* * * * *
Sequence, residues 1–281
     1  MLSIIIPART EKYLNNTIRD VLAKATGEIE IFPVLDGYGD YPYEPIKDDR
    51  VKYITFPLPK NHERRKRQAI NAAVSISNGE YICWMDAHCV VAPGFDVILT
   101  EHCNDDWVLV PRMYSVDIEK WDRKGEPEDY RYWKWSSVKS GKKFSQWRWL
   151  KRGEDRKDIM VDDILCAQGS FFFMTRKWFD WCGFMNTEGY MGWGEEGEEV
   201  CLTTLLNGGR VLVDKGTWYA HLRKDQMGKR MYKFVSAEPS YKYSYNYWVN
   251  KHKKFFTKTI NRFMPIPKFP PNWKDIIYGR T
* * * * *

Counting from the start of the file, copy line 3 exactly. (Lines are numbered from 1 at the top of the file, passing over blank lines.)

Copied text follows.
    51  VKYITFPLPK NHERRKRQAI NAAVSISNGE YICWMDAHCV VAPGFDVILT